Rebuke the spirit of selfishness
A visiting Anglican priest on Sunday lamented that society has become selfish – not just at an individual level but at the political level, and even in the church.
Reverend James Tengatenga addressed concerns about greed and selfishness as the Anglican Diocese of Barbados held its annual church service at the Kensington Oval.
There was an air of serenity and calmness as the congregation worshipped in prayer and song, with the Diocesan Youth Chorale, the Barbados Defence Force, St Clement’s Orchestra and singer Tristan Layne leading the day’s musical performances.
But in his sermon, Tengatenga labeled the current society as individualistic and self-motivated, saying: “The idea that somebody else’s child is your child does not work anymore. I take care of mine and mine alone is the operating mode.”
The Zimbabwean cleric went on to accuse politicians of being corrupt and church leaders of engaging in “spiritual blackmail”.
“All is done not for the good of the community but for the good of me, myself and I,” he said.
“If they do not get their kickbacks and bribes, nothing works and they do not care who it hurts.”
The former chairman of the Anglican Consultative Council further charged that some countries were unable to develop because of this selfishness and corruption.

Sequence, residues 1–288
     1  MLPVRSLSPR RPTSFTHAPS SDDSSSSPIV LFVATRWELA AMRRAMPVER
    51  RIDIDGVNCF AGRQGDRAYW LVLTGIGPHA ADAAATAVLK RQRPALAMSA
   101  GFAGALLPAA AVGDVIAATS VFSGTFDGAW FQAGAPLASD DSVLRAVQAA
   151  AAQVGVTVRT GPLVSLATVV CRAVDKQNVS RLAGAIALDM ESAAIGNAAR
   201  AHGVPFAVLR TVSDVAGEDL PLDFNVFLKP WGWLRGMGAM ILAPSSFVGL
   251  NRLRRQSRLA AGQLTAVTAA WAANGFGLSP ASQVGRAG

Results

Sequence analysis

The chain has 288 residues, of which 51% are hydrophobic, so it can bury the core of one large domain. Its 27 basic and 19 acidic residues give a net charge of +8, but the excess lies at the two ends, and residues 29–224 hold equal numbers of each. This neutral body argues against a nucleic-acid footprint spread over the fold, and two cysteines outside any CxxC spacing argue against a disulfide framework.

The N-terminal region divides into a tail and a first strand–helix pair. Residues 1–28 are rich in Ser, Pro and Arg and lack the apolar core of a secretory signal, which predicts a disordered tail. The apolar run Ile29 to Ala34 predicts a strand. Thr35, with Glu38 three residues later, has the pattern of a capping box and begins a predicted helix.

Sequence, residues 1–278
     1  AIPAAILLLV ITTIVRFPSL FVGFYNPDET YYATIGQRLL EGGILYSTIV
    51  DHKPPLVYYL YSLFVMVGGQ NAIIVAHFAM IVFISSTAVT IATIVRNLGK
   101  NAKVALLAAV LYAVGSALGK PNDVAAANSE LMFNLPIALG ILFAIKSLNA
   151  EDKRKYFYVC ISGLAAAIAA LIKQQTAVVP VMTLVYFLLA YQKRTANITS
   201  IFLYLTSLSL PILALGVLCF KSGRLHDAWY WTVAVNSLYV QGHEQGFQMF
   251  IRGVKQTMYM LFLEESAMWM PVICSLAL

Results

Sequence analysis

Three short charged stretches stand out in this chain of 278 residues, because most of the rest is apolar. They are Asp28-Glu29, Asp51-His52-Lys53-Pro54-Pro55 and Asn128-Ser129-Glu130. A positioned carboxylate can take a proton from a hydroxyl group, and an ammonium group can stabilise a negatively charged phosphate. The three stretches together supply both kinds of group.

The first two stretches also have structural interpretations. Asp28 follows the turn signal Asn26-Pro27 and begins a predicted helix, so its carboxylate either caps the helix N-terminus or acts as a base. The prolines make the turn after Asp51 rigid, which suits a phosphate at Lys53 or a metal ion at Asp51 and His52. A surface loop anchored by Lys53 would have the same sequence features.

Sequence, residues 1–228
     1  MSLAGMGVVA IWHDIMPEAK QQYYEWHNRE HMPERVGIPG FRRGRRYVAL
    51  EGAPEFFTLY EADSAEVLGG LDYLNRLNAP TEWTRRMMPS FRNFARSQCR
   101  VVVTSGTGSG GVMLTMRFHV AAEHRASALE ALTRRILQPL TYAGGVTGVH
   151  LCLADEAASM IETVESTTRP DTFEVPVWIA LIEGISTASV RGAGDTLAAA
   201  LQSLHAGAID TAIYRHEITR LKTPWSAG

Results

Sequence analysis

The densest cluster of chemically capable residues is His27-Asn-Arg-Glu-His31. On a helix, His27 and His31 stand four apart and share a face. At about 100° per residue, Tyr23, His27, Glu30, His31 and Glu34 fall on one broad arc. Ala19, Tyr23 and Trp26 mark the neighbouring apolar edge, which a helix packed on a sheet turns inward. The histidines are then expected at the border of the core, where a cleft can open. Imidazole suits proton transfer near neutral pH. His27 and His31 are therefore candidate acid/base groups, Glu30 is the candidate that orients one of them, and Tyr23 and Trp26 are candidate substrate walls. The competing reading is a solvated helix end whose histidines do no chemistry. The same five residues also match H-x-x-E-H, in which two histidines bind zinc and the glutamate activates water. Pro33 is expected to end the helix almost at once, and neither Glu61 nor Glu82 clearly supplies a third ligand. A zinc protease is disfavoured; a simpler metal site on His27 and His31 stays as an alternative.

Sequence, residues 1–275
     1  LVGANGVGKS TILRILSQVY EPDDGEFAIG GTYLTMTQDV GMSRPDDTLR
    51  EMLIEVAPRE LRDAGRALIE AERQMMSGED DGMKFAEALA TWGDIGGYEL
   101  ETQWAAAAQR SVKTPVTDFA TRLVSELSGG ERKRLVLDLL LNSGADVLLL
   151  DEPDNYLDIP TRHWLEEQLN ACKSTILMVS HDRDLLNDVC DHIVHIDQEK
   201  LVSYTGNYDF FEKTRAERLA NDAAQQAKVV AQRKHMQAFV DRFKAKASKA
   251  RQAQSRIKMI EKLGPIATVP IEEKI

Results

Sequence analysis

“There are some countries whose GDP . . . is not what it should be, not because their country cannot produce enough and not because the country does not have enough reserves, but because some politicians and business people are selfish and inconsiderate,” he charged.
Tengtenga argued that the leaders of the church and politicians had forgotten their purpose in society, which is to serve and represent the people. He encouraged those in attendance to refer to a communal society in which the community was unified.
Stressing that the road to perfection and holiness was to create a society where all are loved, Tengatenga added: “It is a relational stance, a just stance, looking out for one another regardless of status, disability, especially in the face of disability and the disadvantaged. It is not about taking advantage of everyone, it is not about looking after number one, but doing right for the rest.”